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Forecasts fun but don

The recession is apparently making astrology a hot market. We all seem to want to know what the future holds.

The recession is apparently making astrology a hot market. We all seem to want to know what the future holds.


In trying to fill this yearning for accurate forecasts, I add my two cents’ worth each year with 10 forecasts. In recent years I have been prompted to do this by my friends at Florida’s Sarasota Coin Club who have graciously invited me to speak on the topic. This year I did not attend the Florida United Numismatists convention, so I have to do my personal accounting to the readers via this column.

Last year I noted that you could do just about as well by flipping a coin. This year it is more of the same. By my perhaps too charitable accounting of the record, it looks like I have five correct calls and five incorrect ones. A .500 average is good in baseball, but as the saying goes, I shouldn’t quit my day job.

The first forecast that I made last year I nailed. The American Numismatic Association needed a new executive director. I forecast that the board of governors would turn to someone from the hobby to take the position after being disappointed by a number of predecessors who did not come from numismatics. They chose Larry Shepherd of Simco Numismatics in early March.

My second forecast was there would be more lawsuits filed against ANA. The organization has been a lawsuit magnet. As hard as they work to settle one, another pops up. I count this as a correct forecast.

My third forecast was that more shows would copy the Baltimore show by abolishing Sunday show hours. While not having show hours on Sunday seems to be more acceptable, there was no rush to copy Baltimore’s action. So I count this as an incorrect forecast.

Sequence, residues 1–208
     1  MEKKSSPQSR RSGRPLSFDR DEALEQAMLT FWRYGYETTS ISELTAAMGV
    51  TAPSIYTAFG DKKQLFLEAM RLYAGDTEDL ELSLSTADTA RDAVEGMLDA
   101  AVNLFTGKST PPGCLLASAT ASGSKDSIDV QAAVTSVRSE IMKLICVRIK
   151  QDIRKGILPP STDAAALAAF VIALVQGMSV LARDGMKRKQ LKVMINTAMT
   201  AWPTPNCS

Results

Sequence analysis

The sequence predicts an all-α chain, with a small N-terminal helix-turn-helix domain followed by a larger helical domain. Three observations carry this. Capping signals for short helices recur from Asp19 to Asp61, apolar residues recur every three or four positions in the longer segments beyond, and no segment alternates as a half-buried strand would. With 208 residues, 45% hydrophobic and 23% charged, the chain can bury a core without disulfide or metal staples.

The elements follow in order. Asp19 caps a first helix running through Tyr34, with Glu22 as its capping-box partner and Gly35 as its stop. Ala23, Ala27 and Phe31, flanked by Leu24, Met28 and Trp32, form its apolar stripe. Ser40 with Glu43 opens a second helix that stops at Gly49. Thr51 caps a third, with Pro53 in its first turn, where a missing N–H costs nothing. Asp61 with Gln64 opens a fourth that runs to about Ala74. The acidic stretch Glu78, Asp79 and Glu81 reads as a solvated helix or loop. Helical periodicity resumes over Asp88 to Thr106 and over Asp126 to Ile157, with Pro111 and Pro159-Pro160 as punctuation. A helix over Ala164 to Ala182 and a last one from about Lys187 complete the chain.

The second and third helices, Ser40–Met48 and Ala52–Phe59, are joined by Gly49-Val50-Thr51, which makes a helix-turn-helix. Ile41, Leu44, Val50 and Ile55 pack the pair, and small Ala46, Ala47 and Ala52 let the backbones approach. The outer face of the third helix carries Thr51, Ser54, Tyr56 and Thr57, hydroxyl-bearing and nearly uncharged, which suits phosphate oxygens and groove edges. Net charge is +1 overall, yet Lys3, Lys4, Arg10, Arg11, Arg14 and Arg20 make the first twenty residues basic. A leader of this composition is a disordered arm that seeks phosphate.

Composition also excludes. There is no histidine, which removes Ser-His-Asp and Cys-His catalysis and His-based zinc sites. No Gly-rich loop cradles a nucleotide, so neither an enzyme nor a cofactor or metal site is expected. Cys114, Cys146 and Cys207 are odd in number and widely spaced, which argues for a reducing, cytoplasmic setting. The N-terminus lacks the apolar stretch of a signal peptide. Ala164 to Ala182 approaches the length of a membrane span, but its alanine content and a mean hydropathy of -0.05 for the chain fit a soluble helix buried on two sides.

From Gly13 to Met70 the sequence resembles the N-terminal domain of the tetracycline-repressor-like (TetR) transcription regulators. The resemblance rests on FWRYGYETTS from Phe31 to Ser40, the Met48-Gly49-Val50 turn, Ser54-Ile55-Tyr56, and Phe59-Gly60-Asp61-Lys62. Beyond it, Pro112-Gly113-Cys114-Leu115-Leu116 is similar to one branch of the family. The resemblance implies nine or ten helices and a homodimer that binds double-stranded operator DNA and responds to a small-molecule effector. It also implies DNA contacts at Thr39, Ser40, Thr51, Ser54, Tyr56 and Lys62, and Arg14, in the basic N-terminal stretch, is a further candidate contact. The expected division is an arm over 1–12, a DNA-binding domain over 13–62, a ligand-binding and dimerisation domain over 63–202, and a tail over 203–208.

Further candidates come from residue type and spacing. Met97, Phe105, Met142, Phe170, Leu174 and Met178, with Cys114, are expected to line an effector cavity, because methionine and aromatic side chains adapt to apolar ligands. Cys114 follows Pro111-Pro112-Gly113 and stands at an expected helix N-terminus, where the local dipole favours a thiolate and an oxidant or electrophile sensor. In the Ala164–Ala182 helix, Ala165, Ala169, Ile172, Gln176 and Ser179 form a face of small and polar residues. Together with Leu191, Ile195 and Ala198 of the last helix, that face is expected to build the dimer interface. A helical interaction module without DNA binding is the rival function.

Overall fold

4. I forecast that the 2009 District of Columbia quarter design and those for the other U.S. territories would be outstanding and would help win collectors over to the new program. Sales have now started. I count this as a correct forecast because the expressions of opposition have disappeared.

5. Last year I noted that the Mint had acquired more authority to control the use of its name and trademarks – a good thing. But I forecast that the Mint would overzealously use this authority. It didn’t. I was wrong.

6. I said the paper money hobby would move toward official grading standards. It has not done so even as third-party grading has become even more important. So I was wrong again.

7. Gold I said would reach $1,000 some time during the year. It did in March. A win for me.

8. Silver I said would reach $20 in 2008. It was almost $24 in March. Another win for me.

9. I beat a dead horse by forecasting composition changes for the cent and nickel. Legislation on the matter failed to pass. I was wrong. Metals prices are now way down so this issue is of little importance now.

10. I said the Mint would head toward privatization. It hasn’t yet. I was wrong, but we did publish a story about the British Royal Mint. Hmm.

Five right. Five wrong. A coin flip is as accurate, but not as much fun.